The Particular Pleasure of Persimmons

The first thing you have to know about persimmons is there are two kinds: the Hachiya and the Fuyu. Both of them belong to the genus Diospyros, which in Greek means “fruit of the gods.” And they are both utterly delicious. But they are completely different beasts when it comes to how you eat them.

Fuyus (pictured) are pretty straightforward. They have a firm flesh that snaps with crispness when you bite into it. Their flavor is mellow and mild, like an apricot without the acid. They are excellent sliced into fall salads or cut up into wedges and enjoyed on their own.

Hachiyas on the other hand, must be eaten when they are very, very VERY soft. Impatience is the enemy of a good Hachiya experience. This is because they have high levels of tannins, so when unripe, they taste like a super-green banana that will wick all the moisture right out of your mouth. To actually enjoy eating a Hachiya, you have to let it fully ripen. This could take up to a week or more. Then you remove the calyx (flowershaped stem on top) and use a spoon to scoop out its honeyed, custard like flesh. Have some napkins on hand for this. Their sweet, messy flesh is also ideal for baked goods like breads and puddings, or it can be pureed and used as a sauce for ice cream or pancakes.

So how do you make sure you get the right persimmon?

When selecting for Fuyus, look for a squat, tomato-shaped fruit, that should be heavy for its size. The color will range from pale golden-orange to rich reddish-orange. Usually, the darker the color, the sweeter the taste. If left at room temperature, Fuyus will eventually soften, so store them in the refrigerator to keep them around longer. They’re perfect for eating when they’re firm but not rockhard.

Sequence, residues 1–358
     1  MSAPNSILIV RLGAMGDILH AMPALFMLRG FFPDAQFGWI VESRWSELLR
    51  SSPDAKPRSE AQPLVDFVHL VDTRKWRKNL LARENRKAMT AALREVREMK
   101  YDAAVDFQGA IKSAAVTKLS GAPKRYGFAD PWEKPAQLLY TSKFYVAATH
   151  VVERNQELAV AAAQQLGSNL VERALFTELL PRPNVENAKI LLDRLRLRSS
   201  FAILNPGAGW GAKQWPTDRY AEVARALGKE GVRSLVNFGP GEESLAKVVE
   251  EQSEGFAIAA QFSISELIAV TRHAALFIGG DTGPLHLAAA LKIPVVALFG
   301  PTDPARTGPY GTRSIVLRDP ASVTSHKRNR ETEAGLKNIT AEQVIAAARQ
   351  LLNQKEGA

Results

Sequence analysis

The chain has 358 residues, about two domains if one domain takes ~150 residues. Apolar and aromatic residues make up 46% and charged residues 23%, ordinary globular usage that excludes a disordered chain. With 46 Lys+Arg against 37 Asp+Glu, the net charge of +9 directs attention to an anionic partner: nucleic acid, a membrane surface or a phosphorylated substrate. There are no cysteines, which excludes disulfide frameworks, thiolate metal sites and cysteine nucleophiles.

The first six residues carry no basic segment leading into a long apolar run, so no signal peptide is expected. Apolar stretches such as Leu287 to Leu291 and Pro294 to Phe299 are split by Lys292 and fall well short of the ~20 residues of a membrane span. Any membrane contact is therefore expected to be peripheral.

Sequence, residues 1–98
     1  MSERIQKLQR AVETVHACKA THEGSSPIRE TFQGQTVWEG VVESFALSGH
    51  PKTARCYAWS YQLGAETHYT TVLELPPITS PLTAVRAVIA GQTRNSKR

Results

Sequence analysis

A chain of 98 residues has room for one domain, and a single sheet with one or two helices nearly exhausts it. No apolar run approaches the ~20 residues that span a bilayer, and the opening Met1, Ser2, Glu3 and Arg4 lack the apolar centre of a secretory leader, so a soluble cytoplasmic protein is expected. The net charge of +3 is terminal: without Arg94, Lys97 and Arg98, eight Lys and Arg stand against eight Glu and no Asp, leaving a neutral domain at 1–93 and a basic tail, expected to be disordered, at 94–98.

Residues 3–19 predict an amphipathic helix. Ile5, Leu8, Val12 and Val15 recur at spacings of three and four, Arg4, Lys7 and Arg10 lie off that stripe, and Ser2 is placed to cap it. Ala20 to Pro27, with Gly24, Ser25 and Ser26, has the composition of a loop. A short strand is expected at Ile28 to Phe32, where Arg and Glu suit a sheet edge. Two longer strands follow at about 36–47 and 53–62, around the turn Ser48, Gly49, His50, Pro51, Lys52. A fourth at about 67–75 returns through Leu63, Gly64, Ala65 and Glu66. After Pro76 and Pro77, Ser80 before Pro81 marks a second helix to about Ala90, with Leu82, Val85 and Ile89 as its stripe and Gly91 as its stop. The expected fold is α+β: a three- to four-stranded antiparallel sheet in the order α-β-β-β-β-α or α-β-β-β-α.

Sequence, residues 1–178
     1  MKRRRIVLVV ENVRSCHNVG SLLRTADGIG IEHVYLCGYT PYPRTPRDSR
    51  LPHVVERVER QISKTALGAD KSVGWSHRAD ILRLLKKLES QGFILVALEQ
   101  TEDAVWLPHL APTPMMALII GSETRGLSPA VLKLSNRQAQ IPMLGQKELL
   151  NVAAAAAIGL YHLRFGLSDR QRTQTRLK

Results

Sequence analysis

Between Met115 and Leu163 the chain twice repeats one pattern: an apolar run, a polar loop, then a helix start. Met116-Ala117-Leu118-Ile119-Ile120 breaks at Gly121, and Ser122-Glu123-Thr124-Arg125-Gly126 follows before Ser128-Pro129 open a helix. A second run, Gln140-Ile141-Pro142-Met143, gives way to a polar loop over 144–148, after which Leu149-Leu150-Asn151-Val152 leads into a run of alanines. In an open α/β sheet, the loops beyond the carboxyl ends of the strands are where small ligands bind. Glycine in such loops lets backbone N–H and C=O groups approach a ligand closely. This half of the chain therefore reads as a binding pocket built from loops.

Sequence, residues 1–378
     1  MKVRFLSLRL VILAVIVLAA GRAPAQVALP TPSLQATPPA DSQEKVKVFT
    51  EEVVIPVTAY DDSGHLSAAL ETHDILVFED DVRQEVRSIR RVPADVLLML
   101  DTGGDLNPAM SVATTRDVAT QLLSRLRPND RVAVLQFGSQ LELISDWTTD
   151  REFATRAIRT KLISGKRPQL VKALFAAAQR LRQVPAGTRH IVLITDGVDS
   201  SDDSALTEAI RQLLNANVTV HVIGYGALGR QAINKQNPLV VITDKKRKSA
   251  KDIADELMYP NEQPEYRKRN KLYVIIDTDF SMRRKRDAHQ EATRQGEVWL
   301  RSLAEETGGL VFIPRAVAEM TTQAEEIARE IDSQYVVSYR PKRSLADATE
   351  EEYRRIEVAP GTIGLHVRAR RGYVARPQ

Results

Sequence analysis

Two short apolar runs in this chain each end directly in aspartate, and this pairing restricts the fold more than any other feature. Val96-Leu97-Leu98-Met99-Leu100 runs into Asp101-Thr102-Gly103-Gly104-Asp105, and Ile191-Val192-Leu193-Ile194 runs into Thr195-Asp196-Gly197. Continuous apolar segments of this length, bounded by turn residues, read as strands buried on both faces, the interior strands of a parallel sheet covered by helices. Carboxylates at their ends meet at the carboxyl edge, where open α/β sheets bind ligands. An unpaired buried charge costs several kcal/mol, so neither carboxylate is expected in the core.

For Hachiyas, look for deep orange, glossy skin and pointed, heart-shaped fruits. Don’t worry if they have some black streaks, those are just sun spots. Place the fruit in your hand; a fully ripe Hachiya will have nearly translucent skin and feel as if it is filled with water. It should be extremely soft to the touch, and move with a jellylike quiver. Unsurprisingly, if you find one this ripe, you should handle it gently and with care. If the Hachiyas you find are still firm, take them home and allow them to ripen. To speed up the process, place the fruit in a paper bag with a banana, which will release ethylene, a plant hormone that promotes ripening. Remember, only eat them when they are very, very, VERY soft.

You can find both varieties in season at the Wedge from late October through early February.

3 easy ideas for eating persimmons

The perfect bite:
Wrap wedges of Fuyus in paper-thin prosciutto. The easiest appetizer ever!

The seasonal salad:
Toss Fuyu slices and pomegranate seeds onto some baby greens, add hazelnuts and a
simple vinaigrette.

The best bread:
Take your favorite banana bread recipe and substitute in pureed Hachiyas. Add dried cranberries and welcome to bread
bliss.

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